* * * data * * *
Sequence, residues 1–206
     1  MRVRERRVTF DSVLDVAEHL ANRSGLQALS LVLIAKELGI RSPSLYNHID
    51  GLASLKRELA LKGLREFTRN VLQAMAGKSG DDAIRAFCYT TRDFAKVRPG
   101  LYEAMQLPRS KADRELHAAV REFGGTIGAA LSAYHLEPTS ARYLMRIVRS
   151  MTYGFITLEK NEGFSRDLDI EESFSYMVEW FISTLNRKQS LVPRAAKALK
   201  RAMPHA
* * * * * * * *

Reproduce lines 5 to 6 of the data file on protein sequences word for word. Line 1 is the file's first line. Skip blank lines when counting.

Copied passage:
   151  MTYGFITLEK NEGFSRDLDI EESFSYMVEW FISTLNRKQS LVPRAAKALK
   201  RAMPHA